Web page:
Sometimes, while drifting through nothing I experience a repulsion from a body that feels so familiar to me. It is one of my kind, I can sense. Yet the laws of nature will never allow me to see my brethren. I also feel an attraction towards a large and dense pocket of something so completely different from what I am, but I know that I’ll never be able to see that, too. So I float around, being pulled in different directions by opposing forces, yet always going somewhere.

The calming lull of nothingness is shattered suddenly as a new type of energy enters my realm. A new type of force embraces me as the darkness escapes and is replaced by something so completely different. It is magical: a bright and blinding absence of nothing. As my body is permeated with energy, I go down paths that I have never thought I would. The predictability that I had been born into is suddenly ripped away from me. I am scared. I sense the presence of other matter. A force of indescribable magnitude rips me away from all that is familiar, and, all of a sudden, my existence takes on a new meaning. Eventually, a sense of peace pervades. Some indefinable and hidden desire within me had been fulfilled, I understand now. Something had been missing, a sense of belonging, a need for stability. I’ve found it now.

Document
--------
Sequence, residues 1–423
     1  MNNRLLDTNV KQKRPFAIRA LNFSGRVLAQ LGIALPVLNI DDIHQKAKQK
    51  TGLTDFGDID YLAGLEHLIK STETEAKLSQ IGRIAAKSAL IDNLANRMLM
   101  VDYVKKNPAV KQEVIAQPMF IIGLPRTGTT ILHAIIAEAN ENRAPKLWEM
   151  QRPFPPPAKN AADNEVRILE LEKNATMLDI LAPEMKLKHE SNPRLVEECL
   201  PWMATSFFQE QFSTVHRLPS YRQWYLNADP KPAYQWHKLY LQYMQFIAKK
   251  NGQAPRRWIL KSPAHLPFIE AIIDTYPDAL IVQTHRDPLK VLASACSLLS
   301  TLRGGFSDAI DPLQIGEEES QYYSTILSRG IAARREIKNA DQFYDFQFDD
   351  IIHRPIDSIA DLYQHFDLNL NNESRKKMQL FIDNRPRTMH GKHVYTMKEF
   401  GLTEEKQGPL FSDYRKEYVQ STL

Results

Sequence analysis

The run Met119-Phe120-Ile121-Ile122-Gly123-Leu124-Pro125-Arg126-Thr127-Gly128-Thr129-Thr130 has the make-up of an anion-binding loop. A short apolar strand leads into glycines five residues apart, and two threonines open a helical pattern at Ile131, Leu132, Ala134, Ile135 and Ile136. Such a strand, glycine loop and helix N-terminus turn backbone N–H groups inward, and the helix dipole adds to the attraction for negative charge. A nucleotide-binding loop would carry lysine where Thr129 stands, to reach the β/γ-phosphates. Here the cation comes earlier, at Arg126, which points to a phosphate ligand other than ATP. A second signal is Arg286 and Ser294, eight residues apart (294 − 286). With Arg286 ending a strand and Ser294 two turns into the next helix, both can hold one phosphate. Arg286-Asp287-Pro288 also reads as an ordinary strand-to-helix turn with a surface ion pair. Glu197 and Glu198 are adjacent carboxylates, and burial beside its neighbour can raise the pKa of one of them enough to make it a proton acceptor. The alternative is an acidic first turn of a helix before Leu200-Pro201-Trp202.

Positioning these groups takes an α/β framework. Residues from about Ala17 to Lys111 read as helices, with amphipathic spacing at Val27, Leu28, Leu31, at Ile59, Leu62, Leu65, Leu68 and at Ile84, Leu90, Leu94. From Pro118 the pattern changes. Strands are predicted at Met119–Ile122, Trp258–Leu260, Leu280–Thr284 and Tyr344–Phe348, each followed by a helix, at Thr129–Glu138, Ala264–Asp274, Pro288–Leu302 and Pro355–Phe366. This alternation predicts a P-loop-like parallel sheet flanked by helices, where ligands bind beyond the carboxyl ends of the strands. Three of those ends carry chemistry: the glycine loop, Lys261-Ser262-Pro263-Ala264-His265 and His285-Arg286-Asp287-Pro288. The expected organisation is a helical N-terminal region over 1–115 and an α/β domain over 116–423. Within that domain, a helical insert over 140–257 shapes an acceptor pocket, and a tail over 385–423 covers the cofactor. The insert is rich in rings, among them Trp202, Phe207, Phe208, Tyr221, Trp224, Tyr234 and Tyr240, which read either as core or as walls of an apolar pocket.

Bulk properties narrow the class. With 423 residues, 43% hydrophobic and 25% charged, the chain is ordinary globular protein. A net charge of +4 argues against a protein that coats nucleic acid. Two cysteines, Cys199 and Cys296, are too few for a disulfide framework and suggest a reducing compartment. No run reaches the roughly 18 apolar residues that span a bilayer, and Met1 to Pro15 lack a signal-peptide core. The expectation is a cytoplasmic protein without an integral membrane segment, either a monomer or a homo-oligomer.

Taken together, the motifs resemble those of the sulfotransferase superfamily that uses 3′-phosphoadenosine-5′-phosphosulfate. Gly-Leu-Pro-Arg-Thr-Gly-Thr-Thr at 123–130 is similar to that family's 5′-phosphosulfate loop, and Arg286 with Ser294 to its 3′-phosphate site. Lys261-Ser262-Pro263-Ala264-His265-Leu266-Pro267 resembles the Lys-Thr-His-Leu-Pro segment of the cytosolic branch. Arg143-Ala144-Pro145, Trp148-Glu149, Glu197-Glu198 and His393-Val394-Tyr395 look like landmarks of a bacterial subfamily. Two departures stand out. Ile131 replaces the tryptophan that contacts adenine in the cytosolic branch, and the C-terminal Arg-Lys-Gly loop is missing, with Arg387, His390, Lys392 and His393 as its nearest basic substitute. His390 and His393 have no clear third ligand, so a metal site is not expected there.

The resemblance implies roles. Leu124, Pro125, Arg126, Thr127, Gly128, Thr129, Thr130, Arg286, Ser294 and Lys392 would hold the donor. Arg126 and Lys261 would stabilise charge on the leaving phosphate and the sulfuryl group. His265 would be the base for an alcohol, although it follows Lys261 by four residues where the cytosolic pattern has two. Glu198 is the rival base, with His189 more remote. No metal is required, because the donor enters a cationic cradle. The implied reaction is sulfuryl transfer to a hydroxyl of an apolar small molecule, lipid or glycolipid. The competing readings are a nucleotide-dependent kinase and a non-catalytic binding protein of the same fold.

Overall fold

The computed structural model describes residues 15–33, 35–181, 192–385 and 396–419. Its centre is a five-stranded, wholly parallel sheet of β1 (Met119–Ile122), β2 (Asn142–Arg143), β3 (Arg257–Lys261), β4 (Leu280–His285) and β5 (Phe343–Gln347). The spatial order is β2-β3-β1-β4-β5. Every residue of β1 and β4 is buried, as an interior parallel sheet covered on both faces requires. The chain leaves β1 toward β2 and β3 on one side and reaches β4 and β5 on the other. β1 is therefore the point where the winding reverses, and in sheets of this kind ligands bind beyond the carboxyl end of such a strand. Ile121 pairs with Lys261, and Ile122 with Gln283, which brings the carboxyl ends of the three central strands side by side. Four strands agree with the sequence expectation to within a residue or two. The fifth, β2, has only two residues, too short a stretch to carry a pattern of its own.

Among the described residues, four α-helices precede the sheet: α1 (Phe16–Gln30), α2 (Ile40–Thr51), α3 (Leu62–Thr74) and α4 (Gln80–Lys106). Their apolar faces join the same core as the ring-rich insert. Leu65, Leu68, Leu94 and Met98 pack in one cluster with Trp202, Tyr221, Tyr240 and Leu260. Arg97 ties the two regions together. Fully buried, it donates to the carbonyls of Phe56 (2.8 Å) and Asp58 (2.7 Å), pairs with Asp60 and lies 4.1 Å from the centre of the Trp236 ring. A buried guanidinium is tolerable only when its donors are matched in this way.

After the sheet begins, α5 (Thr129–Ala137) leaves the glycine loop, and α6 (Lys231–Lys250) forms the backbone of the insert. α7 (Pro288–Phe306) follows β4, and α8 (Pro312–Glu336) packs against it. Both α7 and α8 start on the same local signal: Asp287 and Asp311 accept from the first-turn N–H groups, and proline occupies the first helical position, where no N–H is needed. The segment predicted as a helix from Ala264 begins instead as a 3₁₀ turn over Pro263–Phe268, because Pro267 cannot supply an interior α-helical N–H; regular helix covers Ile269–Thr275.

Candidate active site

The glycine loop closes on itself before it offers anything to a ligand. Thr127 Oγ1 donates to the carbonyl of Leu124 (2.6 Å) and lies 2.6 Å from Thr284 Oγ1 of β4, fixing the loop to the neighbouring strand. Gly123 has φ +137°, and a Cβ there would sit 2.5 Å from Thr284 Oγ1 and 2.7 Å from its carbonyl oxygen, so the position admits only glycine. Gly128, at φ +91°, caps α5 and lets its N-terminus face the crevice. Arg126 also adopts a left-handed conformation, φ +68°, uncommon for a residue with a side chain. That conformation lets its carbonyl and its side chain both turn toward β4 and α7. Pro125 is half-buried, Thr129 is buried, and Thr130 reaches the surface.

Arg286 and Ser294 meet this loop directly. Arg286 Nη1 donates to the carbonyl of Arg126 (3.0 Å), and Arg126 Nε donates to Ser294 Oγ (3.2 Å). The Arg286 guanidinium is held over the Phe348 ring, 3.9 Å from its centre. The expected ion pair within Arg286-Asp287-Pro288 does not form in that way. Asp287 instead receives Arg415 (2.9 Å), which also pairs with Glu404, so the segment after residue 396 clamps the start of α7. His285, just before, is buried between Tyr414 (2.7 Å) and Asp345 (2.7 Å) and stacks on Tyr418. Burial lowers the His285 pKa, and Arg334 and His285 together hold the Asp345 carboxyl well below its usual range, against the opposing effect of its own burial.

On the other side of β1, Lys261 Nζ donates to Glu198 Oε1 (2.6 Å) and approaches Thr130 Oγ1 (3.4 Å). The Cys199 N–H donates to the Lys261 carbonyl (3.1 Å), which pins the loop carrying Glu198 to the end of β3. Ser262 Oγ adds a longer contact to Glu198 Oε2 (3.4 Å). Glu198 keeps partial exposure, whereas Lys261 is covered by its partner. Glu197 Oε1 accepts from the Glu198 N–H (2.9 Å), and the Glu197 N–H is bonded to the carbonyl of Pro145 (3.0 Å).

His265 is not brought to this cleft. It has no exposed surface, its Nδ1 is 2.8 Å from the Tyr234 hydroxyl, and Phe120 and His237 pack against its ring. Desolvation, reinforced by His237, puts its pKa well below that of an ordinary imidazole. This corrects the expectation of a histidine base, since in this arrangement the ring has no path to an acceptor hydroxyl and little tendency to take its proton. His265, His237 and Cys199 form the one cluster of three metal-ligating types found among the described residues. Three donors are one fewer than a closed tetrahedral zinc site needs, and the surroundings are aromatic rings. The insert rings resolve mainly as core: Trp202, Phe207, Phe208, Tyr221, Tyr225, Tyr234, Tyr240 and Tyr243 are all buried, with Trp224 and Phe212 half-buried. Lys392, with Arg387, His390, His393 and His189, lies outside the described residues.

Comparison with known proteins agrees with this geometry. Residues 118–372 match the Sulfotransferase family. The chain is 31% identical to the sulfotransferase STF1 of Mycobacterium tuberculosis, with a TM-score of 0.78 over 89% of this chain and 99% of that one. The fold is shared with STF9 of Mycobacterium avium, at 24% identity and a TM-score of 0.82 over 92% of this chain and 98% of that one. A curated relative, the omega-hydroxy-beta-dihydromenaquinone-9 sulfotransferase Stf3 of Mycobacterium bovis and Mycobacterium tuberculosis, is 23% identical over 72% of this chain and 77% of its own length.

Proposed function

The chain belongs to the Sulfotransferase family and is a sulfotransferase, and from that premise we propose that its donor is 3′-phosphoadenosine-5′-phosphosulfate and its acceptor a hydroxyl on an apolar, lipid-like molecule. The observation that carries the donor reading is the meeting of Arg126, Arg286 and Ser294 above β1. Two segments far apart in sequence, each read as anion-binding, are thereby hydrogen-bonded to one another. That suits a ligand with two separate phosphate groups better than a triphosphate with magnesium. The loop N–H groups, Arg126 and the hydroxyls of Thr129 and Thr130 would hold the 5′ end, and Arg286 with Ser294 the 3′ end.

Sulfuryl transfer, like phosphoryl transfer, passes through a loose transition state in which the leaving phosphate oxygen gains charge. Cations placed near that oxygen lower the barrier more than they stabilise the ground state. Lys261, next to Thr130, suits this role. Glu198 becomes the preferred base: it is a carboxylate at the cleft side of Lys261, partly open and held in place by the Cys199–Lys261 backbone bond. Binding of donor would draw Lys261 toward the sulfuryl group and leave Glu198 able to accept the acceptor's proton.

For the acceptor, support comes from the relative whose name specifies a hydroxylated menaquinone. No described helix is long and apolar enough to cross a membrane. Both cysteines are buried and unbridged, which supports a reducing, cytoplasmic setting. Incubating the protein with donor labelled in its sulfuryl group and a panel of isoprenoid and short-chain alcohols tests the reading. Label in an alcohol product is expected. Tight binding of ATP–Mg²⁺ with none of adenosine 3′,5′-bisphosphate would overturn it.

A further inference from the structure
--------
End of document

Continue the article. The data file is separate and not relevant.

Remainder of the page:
Something large may exist out there in the great unknown, something so big and powerful that I may never be able to understand. Massive creatures may be able to control the universe and perceive the world in magnificent and breathtaking ways, but an underlying force that strives for microscopic stability makes all those wonders possible. So I exist here, in my own little world, fulfilling a purpose as old as time and as big as life itself.


19 thoughts on “The Life of an Electron

      1. I think because we pay so much attention to atoms/electrons/molecules we start to humanize them. I think this happens across many different areas of study. For example, I know someone who studies art history and talks about paintings as if they are old friends.